This order might seem a bit backwards (since in a time sense the preconditions come before the postconditions), but this order makes specs easier to read since the postcondition is what casual readers are most interested in: what the routine does.

That covers the fundamentals of writing a spec. See the tutorial for elaboration on doing so. What follows here are some conventions and advanced notational features for special situations.

In postcondition statements it can be helpful to use the before/after notation. This is used to specify the value of a parameter or variable at the time of entry to the routine (written 'param and read "param before"), versus the value of the parameter or variable at the time of exit from the routine (written param' and read "param after"). For instance, a routine that increments i might write its postcondition i' = 'i+1.

Postconditions sometimes include a description of what happens during execution of the routine, rather than just the state of the variables at the end of the routine. For instance, it might say that the routine can block (i.e. pause for awhile before returning). Or it might say that the routine calls certain callbacks in a certain order while it executes. Such "during" conditions are required in the spec when they do something that impacts the caller's use of the routine. Normally "during" conditions are not needed.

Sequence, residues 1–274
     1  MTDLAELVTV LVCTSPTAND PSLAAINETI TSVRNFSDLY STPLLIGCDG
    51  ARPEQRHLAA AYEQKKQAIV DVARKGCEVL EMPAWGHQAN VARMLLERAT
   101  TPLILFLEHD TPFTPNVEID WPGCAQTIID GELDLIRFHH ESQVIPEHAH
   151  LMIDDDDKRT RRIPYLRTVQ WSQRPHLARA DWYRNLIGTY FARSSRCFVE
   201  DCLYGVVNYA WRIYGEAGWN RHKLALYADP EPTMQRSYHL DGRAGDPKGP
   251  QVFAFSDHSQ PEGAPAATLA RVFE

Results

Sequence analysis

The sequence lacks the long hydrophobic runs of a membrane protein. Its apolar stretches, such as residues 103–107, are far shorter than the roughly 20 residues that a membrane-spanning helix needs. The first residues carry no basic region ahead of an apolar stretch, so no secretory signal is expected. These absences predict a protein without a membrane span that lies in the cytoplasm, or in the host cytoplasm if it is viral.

Unless stated explicitly, values are assumed to be nonnull. So a routine that takes a String param s need not have the precondition, "s is nonnull".


Class Specs

A method cannot have a complete spec by itself; it must be speced in conjunction with the other methods of its class. This is because all the methods share internal variables, so each works with the others in changing the object state. Any of the class' method's postconditions rely upon the preconditions of all the class' methods being upheld.

The spec for a class has this form:

    /**
     * A one or two sentence informal description of the purpose of this
     * kind of object.  If the class has multiple sets of methods that are
     * used by different types of users, each is described as a separate
     * paragraph, as if the class were really several separate classes.
     * 

* MSS = the method sequence specification for the class, described * below. *